In our journey through life, books are our most sustaining and inspiring companions, seamlessly drawing us in their folds, enabling us to live myriad lives through their words and evoking feelings and thoughts we never fathomed we are capable of. Though reading any book can be an ennobling and enriching experience, in the wake of life when the dust settles down, there are certain books in the lives of each one of us which make us go back and refresh the pages for a word here, a feeling there, a chord reverberating in our sojourn of life which find resonance in our favourite books.
One of my all-time favourites, in the recent past has been Aruna Chakravarti’s Jorasanko, who effortlessly manages to recreate the inside of Tagore household, inhabited by women, all different yet, all strong and passionate and lending a powerful impact on their more illustrious male counterparts, befitting precursors to the onset of Bengal renaissance.
The family tree in the beginning of the book seem daunting and overwhelming but as we flow through the pages and the lives of the women inside the haven of the most illustrious household Bengal has ever seen, slowly we identify ourselves with the frailties, ambitions, vulnerabilities and assertiveness of the women, coming of age.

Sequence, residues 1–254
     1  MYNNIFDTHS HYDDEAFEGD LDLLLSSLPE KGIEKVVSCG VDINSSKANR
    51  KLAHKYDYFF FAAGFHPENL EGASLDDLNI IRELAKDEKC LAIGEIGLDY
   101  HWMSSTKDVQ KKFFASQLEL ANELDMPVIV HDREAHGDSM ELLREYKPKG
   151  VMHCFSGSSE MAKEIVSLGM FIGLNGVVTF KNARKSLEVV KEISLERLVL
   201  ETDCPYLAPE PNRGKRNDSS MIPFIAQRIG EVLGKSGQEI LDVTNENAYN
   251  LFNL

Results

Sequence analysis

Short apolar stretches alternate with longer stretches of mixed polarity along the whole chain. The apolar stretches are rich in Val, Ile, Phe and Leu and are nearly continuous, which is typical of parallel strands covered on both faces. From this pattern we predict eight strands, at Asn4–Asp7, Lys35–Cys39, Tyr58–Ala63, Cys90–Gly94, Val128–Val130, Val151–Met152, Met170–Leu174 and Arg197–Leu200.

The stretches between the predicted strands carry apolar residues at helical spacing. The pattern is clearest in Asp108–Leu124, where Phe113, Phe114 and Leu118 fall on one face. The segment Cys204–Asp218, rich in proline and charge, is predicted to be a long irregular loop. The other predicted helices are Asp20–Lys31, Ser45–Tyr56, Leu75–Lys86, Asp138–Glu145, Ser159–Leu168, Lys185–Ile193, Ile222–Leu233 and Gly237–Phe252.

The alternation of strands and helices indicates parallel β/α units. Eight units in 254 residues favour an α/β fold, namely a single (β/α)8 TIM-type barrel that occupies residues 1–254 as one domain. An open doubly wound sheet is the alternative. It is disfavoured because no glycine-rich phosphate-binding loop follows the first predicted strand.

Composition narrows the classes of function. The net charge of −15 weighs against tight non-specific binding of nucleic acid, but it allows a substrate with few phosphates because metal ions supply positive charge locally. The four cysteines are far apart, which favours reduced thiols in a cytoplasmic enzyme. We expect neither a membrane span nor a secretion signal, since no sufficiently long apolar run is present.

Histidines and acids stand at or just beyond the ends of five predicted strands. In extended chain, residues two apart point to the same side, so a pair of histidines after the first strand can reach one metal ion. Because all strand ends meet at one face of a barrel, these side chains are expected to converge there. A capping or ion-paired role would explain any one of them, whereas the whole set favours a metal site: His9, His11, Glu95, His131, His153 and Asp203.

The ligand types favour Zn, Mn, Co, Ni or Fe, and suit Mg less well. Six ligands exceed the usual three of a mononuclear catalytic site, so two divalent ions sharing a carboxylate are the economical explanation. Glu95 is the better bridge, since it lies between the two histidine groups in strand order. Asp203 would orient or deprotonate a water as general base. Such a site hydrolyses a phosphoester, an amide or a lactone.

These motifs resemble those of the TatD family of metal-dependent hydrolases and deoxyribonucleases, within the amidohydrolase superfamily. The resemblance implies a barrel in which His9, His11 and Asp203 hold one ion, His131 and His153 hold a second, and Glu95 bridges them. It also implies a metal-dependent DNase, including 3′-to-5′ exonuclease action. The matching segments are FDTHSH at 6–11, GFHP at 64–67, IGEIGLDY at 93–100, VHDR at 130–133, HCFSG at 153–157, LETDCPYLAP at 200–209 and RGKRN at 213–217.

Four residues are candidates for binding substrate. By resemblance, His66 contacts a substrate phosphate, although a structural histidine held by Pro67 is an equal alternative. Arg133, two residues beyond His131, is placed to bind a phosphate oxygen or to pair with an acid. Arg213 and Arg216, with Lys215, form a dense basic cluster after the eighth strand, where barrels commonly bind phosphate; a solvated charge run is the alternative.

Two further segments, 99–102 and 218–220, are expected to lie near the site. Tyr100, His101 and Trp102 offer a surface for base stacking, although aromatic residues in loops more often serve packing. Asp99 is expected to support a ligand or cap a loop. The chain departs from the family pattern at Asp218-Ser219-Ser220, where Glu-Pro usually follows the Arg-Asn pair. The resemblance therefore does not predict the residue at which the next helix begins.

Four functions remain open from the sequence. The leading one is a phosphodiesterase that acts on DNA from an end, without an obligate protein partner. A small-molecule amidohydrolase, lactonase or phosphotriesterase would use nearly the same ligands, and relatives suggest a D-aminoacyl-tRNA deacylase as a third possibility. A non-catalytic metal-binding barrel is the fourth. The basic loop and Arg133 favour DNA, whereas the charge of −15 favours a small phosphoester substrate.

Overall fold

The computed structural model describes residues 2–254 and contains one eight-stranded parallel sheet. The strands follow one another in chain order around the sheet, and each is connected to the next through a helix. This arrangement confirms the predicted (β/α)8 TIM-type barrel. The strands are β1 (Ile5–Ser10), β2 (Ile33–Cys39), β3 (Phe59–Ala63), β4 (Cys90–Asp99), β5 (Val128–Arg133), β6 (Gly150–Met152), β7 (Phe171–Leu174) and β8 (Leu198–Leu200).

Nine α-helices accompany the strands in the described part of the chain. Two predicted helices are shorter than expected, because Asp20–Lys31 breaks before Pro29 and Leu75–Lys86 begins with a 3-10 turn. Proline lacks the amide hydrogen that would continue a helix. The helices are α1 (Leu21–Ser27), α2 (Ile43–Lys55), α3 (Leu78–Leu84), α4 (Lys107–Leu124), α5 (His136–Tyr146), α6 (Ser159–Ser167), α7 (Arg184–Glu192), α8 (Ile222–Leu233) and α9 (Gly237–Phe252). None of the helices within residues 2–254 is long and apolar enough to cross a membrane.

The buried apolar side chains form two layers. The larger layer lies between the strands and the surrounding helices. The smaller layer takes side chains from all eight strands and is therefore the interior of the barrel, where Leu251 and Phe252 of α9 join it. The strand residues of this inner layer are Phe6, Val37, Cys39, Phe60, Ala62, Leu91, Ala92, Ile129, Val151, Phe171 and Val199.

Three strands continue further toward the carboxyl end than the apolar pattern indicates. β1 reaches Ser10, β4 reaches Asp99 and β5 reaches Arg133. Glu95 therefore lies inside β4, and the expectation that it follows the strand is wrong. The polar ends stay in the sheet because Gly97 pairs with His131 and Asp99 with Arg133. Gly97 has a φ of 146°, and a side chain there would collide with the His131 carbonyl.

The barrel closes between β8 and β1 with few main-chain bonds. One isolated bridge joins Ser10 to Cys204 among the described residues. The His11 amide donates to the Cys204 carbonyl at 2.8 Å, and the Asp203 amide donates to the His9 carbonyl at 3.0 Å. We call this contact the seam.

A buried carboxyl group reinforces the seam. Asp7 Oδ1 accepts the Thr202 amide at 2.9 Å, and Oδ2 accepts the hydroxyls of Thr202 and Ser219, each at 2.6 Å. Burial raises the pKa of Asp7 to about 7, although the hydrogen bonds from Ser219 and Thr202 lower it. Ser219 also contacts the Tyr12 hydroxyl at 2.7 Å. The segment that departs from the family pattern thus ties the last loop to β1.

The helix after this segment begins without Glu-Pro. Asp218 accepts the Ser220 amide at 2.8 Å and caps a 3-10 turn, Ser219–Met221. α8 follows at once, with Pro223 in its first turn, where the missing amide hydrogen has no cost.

The wonderful delineation of characters does justice to all, lending them a wholesome three-dimensional feel, quite unmatched. Jnanadanandini Devi’s independent streak which broke the shackles of patriarchy and left her indelible mark on the life-style of Bengali women, Swarnakumari’s breaking into the literary bastion of menfolk, Digambaridevi’s refusal to accept her husband’s tryst with alcohol, the indomitable Jogmayadevi who stands up for her rights and splits the Tagore family in two halves and the gentle , melancholic, affectionate Kadambari Devi, Rabindrantah Tagore’s very own muse and inspiration and ultimately Mrinalini Devi, his wife, his partner who loved him with all the simplicity and unquestioning faith in her heart.
It is absolutely riveting how the story takes us through labyrinth’s of power corridors inside the eminent household where relationships are formed and hearts are broken, where talent gets wings and emotions are stifled, where dreams upsurge and hopes die, a dismal death.
So much so, that long after I had read the book , the characters stayed with me, spewing fire and breathing long sighs as I walked through the annals of the Bishwabharati museum during my maiden visit to Shantiniketan, this year. I was struck by how familiar the faces on display were, as if I knew the cause for their tears, the reason for their laughter, their motivations and their relationships and the compromises and break-throughs they made as daughters and daughters-in-lawof one of the most the illustrious families in the land. The book ennobles, de-mystifies, and weaves magic and is a must-read for anyone trying to better acquaint oneself with the literary corridors of Bengali literature.